96 novantasei97 novantasette 98 novantotto 99 novantanove100 cento

How to Count from 1 – 10 in Italian

1 – uno

2 – due

3 – tre

4 – quattro

5 – cinque

6 – sei

7 – sette

8 – otto

9 – nove

10 – dieci

How to Count from 11 – 100 in Italian

If you are new to learning languages then this may all seem a little overwhelming. But don’t be too worried. If you look carefully and watch the video, you will see that most of these Italian numbers are part of a really simple pattern.

Firstly, you need to remember:

11 – undici

12 – dodici

These are nice and simple. Think about it, it’s a bit like saying ‘ten-one’ (so, eleven) and ‘ten-two’ (so, twelve). You pronounce these numbers ‘un-dichie’ and ‘doh-dichie.’ 

There are some exceptions to this rule, but the ‘c’ in Italian is pronounced like ‘ch’ in English.

Teenage numbers in Italian

After 11 (undici) and 12 (dodici), there are a few more that you will need to remember.

13 – tredici

14 – quattordici

15 – quindici

Remember, the Italian pronunciation of the ultimate ‘c’ is a ‘ch’ sound.

Then, we have:

16 – sedici

17 – diciassete (note the extra ‘a’ in the number seventeen).

18 – diciotto

19 – diciannove

By now, you should have learned the word for 10 in Italian – dieci, as well as 6 – 9.

If you look carefully, you will see that 17 – 19 are simply 10 + the relevant number.

It looks just like this:

17 – ten and 7 (diciassete)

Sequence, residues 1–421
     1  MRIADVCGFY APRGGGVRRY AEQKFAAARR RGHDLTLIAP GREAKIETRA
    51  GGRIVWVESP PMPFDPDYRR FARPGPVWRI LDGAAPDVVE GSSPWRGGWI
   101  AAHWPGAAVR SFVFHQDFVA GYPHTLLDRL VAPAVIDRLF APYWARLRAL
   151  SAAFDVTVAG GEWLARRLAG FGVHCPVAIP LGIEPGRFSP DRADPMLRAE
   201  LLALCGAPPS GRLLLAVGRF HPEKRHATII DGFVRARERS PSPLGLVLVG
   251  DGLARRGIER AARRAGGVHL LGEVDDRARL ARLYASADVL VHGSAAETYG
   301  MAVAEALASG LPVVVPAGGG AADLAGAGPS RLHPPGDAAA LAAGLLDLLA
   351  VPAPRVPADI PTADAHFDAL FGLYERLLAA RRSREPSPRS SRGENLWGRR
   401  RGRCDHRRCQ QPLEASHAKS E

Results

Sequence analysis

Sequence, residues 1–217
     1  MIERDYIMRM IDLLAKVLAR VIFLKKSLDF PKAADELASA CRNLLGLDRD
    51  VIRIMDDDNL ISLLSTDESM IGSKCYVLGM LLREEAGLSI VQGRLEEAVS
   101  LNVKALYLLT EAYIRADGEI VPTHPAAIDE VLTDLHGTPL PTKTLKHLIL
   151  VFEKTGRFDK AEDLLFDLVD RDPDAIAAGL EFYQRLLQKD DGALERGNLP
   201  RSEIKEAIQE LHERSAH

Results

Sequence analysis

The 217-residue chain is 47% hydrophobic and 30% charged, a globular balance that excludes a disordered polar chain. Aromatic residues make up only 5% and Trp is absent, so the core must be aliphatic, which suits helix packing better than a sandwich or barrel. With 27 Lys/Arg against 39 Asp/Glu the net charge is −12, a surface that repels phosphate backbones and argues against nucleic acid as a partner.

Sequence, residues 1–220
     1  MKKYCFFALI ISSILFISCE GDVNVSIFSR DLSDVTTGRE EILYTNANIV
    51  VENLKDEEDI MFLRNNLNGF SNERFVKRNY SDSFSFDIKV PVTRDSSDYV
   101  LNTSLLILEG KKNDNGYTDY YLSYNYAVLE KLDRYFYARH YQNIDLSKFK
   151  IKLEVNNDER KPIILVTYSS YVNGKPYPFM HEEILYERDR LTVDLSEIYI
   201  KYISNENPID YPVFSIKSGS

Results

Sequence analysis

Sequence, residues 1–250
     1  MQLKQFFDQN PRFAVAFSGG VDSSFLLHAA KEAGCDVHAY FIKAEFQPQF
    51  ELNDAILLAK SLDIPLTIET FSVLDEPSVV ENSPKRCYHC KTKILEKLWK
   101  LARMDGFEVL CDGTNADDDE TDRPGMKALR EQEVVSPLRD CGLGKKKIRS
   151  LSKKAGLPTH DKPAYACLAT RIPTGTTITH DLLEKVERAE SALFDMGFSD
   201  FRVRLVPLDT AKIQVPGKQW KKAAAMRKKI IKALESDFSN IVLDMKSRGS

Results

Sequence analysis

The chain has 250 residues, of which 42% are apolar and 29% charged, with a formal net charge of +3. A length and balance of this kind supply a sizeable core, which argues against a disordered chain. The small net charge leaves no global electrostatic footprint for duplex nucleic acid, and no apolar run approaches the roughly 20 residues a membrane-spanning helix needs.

18 – ten and 8 (diciotto)

19 – ten and 9 (diciannove) – don’t forget the ‘an’ before ‘nove’ here.

The next number, 20 in Italian is:

20 – venti

Multiples of 10 in Italian

Once you have learned how to count to twenty in Italian, we recommend learning the multiples of 10 (the tens) up to 100.

So:

20 – venti

30 – trenta

40 – quaranta

50 – cinquanta

60 – sessanta

70 – settanta

80 – ottanta

90 – novanta

100 – cento

How to Remember Italian Numbers with a Pattern

We really do recommend that you focus on and learn these numbers first before you continue.

Then, once you have learned the above in its entirety, the rest of the numbers between the multiples of 10 (dieci) are easy to memorize thanks to a really simple formula.

Remember what we learned for numbers 17 – 19.

You can take the word for 10 (dieci), take away the ‘e’ then add the digit.

dici + (digit).”

For example:

“dieci + otto” = dieciotto, which contracts to diciotto.

Think about it – it’s just like English. Eight + ten = Sixteen. In Italian, it’s the other way around.

Italian Numbers Above Twenty